Outdoors Blog

This unexpected catch causes major concern for one of Idaho’s favorite fishing lakes

This is the first walleye catch ever recorded at Lake Cascade.
This is the first walleye catch ever recorded at Lake Cascade. Courtesy of Idaho Fish and Game

Idaho Fish and Game has offered a reward to try to solve the unsettling mystery of how a walleye ended up in Lake Cascade.

The fish was caught this week — more than 200 miles from Idaho’s nearest population of walleye.

Fish and Game says the fish had to have been illegally stocked, and resources will be diverted to expand fish sampling later this year to see how big of a problem has been created. Walleye are predators that could threaten the trophy perch population that has been cultivated in the lake.

“This incident is particularly disheartening for Cascade,” said Dale Allen, a regional fisheries manager based in McCall. “Fish and Game spent years rebuilding a world-class perch fishery, and the reservoir is also full of big trout and trophy smallmouth bass. Adding another top predator like walleye will almost certainly impact these other sport fish.”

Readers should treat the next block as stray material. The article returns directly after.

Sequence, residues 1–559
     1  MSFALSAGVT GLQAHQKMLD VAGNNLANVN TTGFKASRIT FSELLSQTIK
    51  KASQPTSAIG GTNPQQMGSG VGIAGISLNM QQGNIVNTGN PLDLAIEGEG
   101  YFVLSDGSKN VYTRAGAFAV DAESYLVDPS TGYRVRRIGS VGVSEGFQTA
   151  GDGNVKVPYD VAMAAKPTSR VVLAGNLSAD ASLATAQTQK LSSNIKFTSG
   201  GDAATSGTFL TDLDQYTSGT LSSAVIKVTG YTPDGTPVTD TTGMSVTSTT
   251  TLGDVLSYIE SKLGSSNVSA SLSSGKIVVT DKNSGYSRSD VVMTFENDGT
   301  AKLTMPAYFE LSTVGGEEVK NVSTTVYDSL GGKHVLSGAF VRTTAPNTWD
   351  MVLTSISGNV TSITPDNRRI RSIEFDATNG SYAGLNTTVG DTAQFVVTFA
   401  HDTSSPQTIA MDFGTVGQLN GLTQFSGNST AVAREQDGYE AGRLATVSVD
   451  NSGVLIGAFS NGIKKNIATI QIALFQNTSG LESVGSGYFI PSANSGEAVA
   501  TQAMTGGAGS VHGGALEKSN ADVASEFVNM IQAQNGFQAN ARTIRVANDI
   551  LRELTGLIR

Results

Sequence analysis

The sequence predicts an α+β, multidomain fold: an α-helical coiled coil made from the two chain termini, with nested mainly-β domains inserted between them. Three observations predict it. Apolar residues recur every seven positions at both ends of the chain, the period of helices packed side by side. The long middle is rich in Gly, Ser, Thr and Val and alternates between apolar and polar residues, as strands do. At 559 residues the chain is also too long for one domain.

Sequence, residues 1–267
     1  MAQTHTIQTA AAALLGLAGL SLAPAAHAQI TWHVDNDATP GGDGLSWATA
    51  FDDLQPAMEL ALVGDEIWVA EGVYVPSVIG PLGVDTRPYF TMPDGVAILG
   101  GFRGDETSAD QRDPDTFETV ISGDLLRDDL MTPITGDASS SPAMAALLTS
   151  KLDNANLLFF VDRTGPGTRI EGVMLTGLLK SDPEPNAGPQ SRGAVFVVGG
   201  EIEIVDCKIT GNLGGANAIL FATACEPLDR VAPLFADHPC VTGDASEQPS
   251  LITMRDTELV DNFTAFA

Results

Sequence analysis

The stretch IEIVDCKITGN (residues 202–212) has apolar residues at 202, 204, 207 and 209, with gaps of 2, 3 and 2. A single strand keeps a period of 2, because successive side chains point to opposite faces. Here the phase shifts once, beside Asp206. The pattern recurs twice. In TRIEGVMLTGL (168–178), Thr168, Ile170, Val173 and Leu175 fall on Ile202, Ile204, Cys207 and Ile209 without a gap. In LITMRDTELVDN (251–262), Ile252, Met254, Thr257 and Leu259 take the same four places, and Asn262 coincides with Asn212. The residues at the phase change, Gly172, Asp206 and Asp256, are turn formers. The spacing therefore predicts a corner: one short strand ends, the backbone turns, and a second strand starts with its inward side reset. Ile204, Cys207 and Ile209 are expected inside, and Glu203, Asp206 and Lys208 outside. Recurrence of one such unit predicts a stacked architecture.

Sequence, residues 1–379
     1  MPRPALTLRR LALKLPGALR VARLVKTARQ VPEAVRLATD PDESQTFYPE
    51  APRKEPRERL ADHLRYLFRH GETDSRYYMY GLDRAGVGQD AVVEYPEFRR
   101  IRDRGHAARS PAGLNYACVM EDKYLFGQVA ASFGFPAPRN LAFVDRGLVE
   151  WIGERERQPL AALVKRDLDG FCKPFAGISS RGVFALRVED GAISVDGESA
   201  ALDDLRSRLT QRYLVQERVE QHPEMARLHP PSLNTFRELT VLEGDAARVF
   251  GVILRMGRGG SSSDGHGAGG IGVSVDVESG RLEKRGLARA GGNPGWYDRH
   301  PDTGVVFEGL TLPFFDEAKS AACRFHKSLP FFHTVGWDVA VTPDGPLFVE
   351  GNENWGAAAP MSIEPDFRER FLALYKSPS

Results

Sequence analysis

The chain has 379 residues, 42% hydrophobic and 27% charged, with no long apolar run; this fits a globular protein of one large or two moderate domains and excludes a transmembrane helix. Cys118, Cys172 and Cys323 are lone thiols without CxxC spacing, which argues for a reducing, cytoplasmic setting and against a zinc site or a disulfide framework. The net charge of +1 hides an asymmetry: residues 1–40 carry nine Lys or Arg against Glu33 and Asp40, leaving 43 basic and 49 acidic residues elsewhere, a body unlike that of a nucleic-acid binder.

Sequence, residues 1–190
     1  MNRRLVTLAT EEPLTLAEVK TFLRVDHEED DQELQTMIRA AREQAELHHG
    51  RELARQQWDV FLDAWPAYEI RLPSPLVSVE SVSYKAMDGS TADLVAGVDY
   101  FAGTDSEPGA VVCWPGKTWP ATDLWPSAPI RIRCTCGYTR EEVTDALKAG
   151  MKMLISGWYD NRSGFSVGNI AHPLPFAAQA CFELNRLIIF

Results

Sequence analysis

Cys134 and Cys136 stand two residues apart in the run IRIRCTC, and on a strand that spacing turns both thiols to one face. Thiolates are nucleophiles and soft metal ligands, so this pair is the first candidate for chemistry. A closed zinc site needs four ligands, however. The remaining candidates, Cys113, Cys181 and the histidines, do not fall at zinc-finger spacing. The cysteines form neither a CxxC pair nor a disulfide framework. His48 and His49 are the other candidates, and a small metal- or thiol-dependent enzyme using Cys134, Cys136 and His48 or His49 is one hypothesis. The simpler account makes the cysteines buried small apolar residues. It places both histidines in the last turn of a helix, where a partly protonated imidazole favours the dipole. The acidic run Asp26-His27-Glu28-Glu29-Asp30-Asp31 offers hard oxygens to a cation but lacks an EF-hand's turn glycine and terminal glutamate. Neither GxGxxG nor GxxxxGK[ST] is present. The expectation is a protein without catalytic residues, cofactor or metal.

The walleye also could get into the Payette and Snake rivers from Lake Cascade, Fish and Game says. Walleye are stocked in a select few isolated reservoirs in Idaho where there’s no threat of them spreading.

“It is because of their potential threat to existing fisheries that walleye have not been more widely stocked in other Idaho waters,” according to a Fish and Game press release. “The department receives angler requests to establish new walleye populations every year. For the reasons noted, these requests are courteously denied. Unfortunately, some self-serving anglers are not willing to take no for an answer, instead taking matters into their own hands.”

The walleye traveled so far to Lake Cascade that a significant effort was required by whoever is responsible, Allen said.

“To survive the extended transport time, this fish — and possibly others — would have required clean, cold, aerated water for a number of hours,” he said.

Anyone with information about the Cascade walleye can call the Citizens Against Poaching hotline at (800) 632-5999.

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